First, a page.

The countdown is on for next year’s opening of the Sir Samuel Griffith Building; Australia’s first zero-emission, self-powering teaching and research facility.Due for completion in May 2013, the building is rapidly taking shape and the colour scheme has now been revealed. Architect Casey Valance, from Cox Rayner Architects, said warmer colours had been chosen in keeping with the Master Plan upgrade of the whole Nathan Campus.
“We have included gold, bronze and green tones for the exterior and interiors. These reflect the environmental status aspirations of the building as well as the natural context of the campus,” Casey said.
Vice Chancellor Professor Ian O’Connor said the $40 million dollar world-class building, will be a showcase of genuine sustainable energy alternatives for Australian and global communities. The Sir Samuel Griffith Building has been made possible by Australian Government’s financial support of $21.05 million through the Education Investment Fund.
Solar panels will collect energy, which is then stored in batteries, to provide a stable power supply over any 24 hour period. Excess energy will be used at night to chill water for the main air-conditioning system to run the next day. A second, innovative storage system will hold further energy in case it is required, quite literally, for a rainy day. The hydrogen fuel cells will kick in when the first batteries run down to a certain level.This scale of this second hydrogen storage process has not been done before and this technology could one day be incorporated into isolated buildings, such as schools in rural communities.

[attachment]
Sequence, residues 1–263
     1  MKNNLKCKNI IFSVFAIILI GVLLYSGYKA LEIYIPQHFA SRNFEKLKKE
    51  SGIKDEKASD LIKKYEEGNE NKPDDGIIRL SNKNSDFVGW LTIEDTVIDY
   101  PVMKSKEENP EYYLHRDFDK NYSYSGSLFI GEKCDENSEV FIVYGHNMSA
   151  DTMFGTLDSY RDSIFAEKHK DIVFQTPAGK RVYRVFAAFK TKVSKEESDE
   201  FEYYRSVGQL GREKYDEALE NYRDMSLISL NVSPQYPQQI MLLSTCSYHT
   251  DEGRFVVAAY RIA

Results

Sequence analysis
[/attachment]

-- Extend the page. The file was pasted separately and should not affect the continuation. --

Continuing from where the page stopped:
“It is a model for remote communities that are ‘off-grid’ and cannot access power in Australia and across the world,” Professor O’Connor said.
“It will also be a pilot for applying this safe, sustainable power supply in urban settings.”
Innovation in the Sir Samuel Griffith Building will also extend to the comfort and well-being of those who work inside it. An air-conditioner unit, separate from the main system, will deliver personal levels of temperature and air flow through outlets at each desk or workstation. This reduces the workload of the primary system. Instead of maintaining a temperature of around 22 degrees throughout building, the overall ambient temperature can be higher because it becomes less important for individual comfort. No longer will there be office complaints that the room is too hot for some and too cool for others!
The use of artificial lighting inside the building will be minimised by large windows, few internal walls, and glass partitions. This open-plan, shared office space will also provide environmental scientists, engineers, psychologists, urban planners, health and legal and business experts the opportunity to work together and develop cross-disciplinary sustainability solutions.
“It is a remarkable building by any standard, and one which reflects the University’s commitment to finding sustainable solutions to issues of the contemporary world,” Professor O’Connor said.